Long Term Preservation of Eggs

Preserving Eggs for the Long Term

Mar 5th, 2012
By Hanne Moon

If you have been watching National Geographic’s Doomsday Prepper series, you’ve probably seen a few ideas that you wanted to try to implement in your own storage preparations. At least a show or two got you wondering about the feasibility of some of the stuff these preppers are doing. One thing that piqued my interest was from the episode that showed the woman oiling her eggs in order to preserve them for long-term storage.

I found myself frowning… was it really that easy to keep an egg fresh for months at a time? If so, why weren’t these well-oiled gems sitting on the grocery store shelves instead of crated up in the refrigerator section? I decided to do a little more research into this subject, so I turned to the one person I consider the quintessential expert on chickens and their products, Gail Damerow.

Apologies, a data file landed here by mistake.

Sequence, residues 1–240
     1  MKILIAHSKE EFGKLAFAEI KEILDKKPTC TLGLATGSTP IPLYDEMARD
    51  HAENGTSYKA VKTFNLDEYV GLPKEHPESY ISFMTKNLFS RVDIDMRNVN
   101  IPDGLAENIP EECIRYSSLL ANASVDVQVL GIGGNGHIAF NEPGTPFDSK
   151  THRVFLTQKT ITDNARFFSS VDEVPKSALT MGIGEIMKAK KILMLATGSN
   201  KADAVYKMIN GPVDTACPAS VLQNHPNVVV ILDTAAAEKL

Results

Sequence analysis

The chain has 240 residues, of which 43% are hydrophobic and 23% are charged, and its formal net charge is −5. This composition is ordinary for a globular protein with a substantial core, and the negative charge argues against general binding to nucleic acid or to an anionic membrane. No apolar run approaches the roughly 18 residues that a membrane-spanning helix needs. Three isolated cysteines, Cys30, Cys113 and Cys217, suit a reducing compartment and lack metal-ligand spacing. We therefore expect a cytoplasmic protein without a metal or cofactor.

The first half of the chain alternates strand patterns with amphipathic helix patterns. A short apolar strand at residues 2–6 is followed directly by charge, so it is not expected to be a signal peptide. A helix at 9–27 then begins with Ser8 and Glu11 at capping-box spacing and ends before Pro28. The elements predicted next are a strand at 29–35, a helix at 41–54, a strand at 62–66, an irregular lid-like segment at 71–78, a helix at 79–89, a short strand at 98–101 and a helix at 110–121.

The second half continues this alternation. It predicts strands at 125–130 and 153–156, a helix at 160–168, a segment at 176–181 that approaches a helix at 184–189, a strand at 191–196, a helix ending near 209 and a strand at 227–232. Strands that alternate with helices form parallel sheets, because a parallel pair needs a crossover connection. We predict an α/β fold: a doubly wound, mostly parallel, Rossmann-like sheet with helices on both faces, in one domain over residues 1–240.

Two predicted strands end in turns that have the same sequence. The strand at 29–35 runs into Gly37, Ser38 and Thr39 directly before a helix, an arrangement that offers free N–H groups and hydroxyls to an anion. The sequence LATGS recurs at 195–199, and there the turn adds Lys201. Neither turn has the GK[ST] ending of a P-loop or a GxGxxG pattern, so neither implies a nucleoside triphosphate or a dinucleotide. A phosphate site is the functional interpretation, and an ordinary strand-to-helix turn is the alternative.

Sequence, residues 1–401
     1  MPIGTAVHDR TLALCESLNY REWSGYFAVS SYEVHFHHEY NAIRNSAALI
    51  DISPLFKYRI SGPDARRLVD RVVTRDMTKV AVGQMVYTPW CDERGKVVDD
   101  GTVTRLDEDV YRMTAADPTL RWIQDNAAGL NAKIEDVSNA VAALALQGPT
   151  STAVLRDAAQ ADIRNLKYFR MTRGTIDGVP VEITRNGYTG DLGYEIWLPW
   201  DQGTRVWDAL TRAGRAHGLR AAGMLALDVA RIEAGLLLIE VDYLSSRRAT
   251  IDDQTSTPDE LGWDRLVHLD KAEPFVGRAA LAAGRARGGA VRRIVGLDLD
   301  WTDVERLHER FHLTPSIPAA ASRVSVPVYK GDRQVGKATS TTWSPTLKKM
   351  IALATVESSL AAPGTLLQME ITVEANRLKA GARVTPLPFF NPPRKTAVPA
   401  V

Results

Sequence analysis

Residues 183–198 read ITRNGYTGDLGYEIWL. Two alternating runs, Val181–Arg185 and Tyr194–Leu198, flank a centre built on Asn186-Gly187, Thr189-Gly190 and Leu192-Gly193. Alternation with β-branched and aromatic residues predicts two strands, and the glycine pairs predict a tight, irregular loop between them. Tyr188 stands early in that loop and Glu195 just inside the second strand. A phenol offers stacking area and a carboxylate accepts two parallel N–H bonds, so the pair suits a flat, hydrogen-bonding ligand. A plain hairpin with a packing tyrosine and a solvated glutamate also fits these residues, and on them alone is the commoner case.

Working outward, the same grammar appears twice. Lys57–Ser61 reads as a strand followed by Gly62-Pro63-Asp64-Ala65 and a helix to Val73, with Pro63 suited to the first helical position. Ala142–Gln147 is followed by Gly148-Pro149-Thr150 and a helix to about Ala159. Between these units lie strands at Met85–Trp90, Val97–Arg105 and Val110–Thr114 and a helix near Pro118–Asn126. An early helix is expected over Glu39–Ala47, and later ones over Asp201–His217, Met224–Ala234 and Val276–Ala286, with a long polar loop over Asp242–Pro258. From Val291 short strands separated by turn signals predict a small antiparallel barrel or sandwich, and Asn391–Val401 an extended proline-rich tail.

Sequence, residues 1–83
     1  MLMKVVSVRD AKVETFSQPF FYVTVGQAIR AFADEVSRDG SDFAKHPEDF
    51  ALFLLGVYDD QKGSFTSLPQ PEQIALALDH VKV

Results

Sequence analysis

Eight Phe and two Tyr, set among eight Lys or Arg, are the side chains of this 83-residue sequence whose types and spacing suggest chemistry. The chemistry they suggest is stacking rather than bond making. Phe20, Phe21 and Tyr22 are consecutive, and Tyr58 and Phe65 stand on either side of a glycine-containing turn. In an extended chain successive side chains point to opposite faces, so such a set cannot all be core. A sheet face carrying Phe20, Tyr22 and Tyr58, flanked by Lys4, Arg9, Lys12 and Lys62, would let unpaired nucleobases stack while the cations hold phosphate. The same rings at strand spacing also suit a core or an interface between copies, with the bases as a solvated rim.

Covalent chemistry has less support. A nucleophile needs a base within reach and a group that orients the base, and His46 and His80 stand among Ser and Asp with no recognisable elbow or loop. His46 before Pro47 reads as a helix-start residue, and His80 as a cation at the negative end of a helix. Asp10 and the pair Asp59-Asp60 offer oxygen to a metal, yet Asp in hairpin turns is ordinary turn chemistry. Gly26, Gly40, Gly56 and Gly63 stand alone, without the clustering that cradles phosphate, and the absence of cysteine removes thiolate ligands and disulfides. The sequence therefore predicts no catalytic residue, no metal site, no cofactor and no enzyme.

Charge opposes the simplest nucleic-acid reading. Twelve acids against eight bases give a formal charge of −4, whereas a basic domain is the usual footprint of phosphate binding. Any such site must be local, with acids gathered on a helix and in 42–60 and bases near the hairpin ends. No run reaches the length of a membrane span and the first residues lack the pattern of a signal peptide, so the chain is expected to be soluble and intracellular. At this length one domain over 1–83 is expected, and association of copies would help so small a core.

No, I didn’t get a chance to interview her. (That would be a homesteader’s dream come true!) However, I did the next best thing—I pulled out her book Storey’s Guide to Raising Chickens in order to gather the information I needed for this article.

And am I glad I did.

Chickens are the hottest new backyard pet and with this new guide for beginners you’ll be a pro in no time…

While I discovered that oiling is a perfectly acceptable way to extend the shelf life of eggs, I also found out that you can’t just take any old egg, slap some mineral oil on it, and call it preserved. There’s a selection process and strict time frame that you have to work around.